Although recent years have seen an increase in the range of child sexual abuse prevention programs delivered in schools, there have been relatively few efficacy studies. Those conducted have focused primarily on intrinsic child factors and have often lacked an explicit theoretical framework. We offer resiliency theory as a useful and apposite theoretical framework for program evaluation. Resiliency theory suggests that a wider range of factors should be considered, including intrinsic (personal characteristics) and extrinsic (environmental) factors. Such factors may increase risk or, alternatively, protect children from the negative effects of adversity. We argue that a resiliency perspective to efficacy studies should recognize a long-term view on children's capacity to cope and can employ both standardized and contextual resiliency-informed measures.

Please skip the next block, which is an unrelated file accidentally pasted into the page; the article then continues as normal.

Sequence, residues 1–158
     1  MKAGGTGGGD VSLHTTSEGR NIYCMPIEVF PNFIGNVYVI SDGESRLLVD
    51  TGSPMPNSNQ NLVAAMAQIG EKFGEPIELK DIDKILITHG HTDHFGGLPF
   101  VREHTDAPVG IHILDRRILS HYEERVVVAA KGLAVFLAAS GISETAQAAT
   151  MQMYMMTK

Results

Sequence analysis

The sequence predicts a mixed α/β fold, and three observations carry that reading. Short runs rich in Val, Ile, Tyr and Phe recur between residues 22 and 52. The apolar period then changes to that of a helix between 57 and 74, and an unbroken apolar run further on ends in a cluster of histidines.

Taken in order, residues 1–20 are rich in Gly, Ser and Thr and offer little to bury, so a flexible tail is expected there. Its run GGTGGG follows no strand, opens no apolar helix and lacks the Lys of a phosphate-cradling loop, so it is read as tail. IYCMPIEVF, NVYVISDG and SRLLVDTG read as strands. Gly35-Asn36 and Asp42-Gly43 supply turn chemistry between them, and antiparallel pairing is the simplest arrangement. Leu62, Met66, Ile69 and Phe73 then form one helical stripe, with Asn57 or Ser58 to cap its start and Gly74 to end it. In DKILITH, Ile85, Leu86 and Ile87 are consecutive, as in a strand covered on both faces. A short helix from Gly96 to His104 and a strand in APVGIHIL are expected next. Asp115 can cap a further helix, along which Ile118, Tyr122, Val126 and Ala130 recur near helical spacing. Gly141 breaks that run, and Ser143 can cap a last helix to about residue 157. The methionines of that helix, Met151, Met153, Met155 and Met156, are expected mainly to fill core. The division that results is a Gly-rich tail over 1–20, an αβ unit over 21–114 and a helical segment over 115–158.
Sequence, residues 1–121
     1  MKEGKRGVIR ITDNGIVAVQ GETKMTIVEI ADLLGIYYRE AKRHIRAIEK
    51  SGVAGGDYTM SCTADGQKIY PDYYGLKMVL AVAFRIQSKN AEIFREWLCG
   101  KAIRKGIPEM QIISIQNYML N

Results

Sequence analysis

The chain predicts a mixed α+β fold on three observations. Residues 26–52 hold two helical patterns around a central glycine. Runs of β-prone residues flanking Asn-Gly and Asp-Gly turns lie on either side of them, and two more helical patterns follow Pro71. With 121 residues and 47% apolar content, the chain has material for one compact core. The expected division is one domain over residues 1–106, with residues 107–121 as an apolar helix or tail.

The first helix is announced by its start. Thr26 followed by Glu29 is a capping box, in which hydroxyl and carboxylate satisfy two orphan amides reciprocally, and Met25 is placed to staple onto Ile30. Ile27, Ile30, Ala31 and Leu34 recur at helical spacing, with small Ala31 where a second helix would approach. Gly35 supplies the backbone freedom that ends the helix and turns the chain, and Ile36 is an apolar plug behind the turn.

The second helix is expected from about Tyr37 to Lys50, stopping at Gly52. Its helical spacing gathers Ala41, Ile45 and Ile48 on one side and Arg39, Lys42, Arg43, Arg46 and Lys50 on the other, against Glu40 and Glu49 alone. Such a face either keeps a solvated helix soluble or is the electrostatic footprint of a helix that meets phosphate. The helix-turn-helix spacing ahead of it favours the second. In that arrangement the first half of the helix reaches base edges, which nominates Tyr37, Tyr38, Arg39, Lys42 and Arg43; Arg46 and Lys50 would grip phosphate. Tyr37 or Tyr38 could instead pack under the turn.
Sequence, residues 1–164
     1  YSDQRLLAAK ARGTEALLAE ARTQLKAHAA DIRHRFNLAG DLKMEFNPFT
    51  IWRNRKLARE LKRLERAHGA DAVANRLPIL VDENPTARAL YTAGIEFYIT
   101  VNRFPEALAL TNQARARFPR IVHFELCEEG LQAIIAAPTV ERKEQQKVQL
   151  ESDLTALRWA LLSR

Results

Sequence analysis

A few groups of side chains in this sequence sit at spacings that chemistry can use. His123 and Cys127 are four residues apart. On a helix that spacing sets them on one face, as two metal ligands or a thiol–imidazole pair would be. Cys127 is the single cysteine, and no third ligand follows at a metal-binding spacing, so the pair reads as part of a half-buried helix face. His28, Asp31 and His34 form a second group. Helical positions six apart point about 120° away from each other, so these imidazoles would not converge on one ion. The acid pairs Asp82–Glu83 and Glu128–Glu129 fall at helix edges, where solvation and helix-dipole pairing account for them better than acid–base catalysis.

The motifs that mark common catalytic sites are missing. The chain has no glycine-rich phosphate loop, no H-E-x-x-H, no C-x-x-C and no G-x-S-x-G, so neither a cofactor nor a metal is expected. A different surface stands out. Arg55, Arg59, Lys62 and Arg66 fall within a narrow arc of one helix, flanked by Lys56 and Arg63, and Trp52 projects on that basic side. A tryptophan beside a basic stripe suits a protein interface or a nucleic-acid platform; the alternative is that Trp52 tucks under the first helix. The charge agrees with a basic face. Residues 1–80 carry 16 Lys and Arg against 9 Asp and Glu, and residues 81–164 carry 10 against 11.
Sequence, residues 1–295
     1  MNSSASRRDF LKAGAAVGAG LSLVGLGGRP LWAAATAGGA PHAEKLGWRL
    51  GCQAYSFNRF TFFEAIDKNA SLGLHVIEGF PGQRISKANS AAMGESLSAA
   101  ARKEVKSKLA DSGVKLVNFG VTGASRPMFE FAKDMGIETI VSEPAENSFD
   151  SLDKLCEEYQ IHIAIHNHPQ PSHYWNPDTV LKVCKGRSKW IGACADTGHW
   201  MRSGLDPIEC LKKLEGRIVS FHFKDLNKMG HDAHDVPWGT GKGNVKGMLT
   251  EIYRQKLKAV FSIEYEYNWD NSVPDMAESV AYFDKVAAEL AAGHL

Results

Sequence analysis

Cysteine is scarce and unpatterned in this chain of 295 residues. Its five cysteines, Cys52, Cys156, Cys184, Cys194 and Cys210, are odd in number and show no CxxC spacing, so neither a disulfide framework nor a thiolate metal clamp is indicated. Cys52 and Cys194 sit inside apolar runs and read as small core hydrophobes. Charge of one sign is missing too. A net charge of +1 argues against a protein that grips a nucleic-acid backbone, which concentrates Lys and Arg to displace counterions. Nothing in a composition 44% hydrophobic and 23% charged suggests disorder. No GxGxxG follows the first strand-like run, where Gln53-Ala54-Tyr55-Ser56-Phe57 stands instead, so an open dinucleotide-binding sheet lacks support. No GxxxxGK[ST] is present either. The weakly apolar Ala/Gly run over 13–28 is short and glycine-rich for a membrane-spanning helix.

- maltreatment, resilience, abuse, program efficacy